Vaikom, a satyagraha, and the fight for social justice
- The Vaikom temple street entry movement in Kerala, with a resonance in Tamil Nadu, is a struggle that set India on the path of equality and justice for all.
Points to ponder:
- The Vaikom temple street entry movement was a non-violent protest that aimed to end the prohibition imposed on backward communities from using the roads around the Vaikom Mahadeva temple.
- The movement was launched in 1924 and sustained by leaders such as T.K. Madhavan, K.P. Kesava Menon, and George Joseph, with the support of the Kerala Congress and on the advice of Mahatma Gandhi.
- The committee against untouchability, supported by the Kerala Congress, began the demonstration on March 30, 1924, with three people from different communities barred from accessing the temple streets to flag off the satyagraha. Police detained the leaders, resulting in a power vacuum.
- As a result, Periyar was asked to head the demonstration. As a token of gratitude, Periyar was bestowed with the title “Vaikom Veerar” by the writer and editor of the Tamil magazine Navashakti and scholar Thiru. V. Kalyanasundaram
- Some of the upper classes supported the vaikom campaign. Mahatma Gandhi arrived as well to mediate between the government, protestors, and conservative Hindus.
- Tamil Nadu was crucial in the Vaikom Satyagraha, which represented a fight by the “untouchables.”However, they were met with oppressive measures.
Over 603 days
- The Sahara motion, which was put to a vote in the Assembly in February 1925, was rejected by one vote. Mahatma Gandhi met with the Queen of Travancore, Narayana Guru, a social reformist, and W.H Pitt, the police commissioner.
- Satyagrahis announced disengaging from the protests on November 17.
- The government of Travancore released a royal declaration that people could enter three of four streets around Vaikom temple thus bringing an end to the protest.
Other similar movements
- Ev Ramasamy, also known as Periyar, was an Indian social worker and lawmaker who founded the Dravidar Kazhagam and the Self-Respect Movement. He is referred to as the “Father of the Dravidian Movement.”In Tamil Nadu, he fought against Brahminical supremacy, as well as gender and cast inequality.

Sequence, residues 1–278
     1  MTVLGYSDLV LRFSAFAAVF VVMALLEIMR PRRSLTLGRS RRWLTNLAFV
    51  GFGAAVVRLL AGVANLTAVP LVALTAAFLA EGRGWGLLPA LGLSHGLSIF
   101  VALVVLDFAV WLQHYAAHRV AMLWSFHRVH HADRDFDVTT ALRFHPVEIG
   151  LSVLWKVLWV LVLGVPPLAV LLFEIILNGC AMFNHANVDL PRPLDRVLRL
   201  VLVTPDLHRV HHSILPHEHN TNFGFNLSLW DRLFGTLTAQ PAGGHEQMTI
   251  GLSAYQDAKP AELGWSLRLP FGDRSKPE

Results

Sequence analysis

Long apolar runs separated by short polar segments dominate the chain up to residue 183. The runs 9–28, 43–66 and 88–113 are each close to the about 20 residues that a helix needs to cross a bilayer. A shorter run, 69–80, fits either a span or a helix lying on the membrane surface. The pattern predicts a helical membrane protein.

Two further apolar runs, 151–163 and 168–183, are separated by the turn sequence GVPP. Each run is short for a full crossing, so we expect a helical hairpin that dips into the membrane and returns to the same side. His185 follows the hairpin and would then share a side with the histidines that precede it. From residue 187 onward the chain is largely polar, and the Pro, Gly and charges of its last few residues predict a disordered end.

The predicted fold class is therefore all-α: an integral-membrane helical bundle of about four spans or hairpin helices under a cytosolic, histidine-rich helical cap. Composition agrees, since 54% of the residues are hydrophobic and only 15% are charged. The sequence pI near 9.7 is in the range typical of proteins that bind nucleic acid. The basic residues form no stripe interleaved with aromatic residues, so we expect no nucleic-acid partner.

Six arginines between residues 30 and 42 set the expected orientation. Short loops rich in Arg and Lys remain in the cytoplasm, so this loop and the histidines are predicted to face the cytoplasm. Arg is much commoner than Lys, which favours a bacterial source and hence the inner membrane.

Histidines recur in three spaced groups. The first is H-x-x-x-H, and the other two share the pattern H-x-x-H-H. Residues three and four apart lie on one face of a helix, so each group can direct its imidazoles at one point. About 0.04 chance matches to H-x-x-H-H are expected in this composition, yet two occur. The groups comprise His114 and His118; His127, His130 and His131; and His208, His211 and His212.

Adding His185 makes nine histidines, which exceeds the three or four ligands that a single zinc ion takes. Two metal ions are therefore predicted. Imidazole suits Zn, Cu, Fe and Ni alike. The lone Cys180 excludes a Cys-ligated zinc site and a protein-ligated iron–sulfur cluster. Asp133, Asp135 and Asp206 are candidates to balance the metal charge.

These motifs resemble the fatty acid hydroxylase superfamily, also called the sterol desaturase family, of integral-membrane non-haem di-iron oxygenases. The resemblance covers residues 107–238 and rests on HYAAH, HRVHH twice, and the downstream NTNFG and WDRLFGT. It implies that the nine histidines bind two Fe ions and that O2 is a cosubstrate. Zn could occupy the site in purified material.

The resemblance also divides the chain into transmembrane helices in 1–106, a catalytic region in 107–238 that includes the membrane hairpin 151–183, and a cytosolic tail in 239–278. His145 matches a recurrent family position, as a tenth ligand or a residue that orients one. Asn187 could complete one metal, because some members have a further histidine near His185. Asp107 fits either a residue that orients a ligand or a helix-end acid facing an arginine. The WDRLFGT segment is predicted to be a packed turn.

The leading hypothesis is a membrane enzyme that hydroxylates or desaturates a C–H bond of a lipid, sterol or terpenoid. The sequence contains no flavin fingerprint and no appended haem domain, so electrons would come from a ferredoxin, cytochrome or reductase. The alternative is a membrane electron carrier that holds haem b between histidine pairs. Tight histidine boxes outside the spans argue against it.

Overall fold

About EV Ramasamy
- Periyar was born in Erode, Tamil Nadu, in 1879. He was born into a wealthy family of landlords and received a good education.
- In the early part of his career, Periyar worked as a court clerk and later became involved in the Indian National Congress.
- However, he became disillusioned with the Congress’s approach to social reform, particularly their focus on achieving independence from British rule rather than addressing social issues within Indian society.
- In the 1920s, Periyar began to focus on the rights and issues of the lower castes, who were often oppressed and discriminated against by the upper castes. He believed that the caste system was a major obstacle to social progress and worked to eradicate it.
- Periyar founded the Self-Respect Movement in 1925, which aimed to promote self-respect and self-esteem among the lower castes. He also advocated for the rights of women, who were often marginalized and oppressed in Indian society.
- In the 1930s, Periyar became increasingly focused on the idea of Dravidian identity, which emphasized the distinct culture and history of the Dravidian-speaking people of South India. He believed that the Tamil language and culture were under threat from the dominance of Hindi and Sanskrit, and worked to promote Tamil and Dravidian culture.
- Periyar founded the Dravidar Kazhagam political party in 1944, which became a major force in Tamil Nadu politics. He also launched several newspapers and magazines to promote his ideas.
- Periyar was a controversial figure and his ideas and actions sometimes drew criticism. However, he is widely regarded as a key figure in the Dravidian movement and a champion of social justice and equality. Today, he is remembered as a great social reformer and his legacy continues to inspire many people in Tamil Nadu and beyond.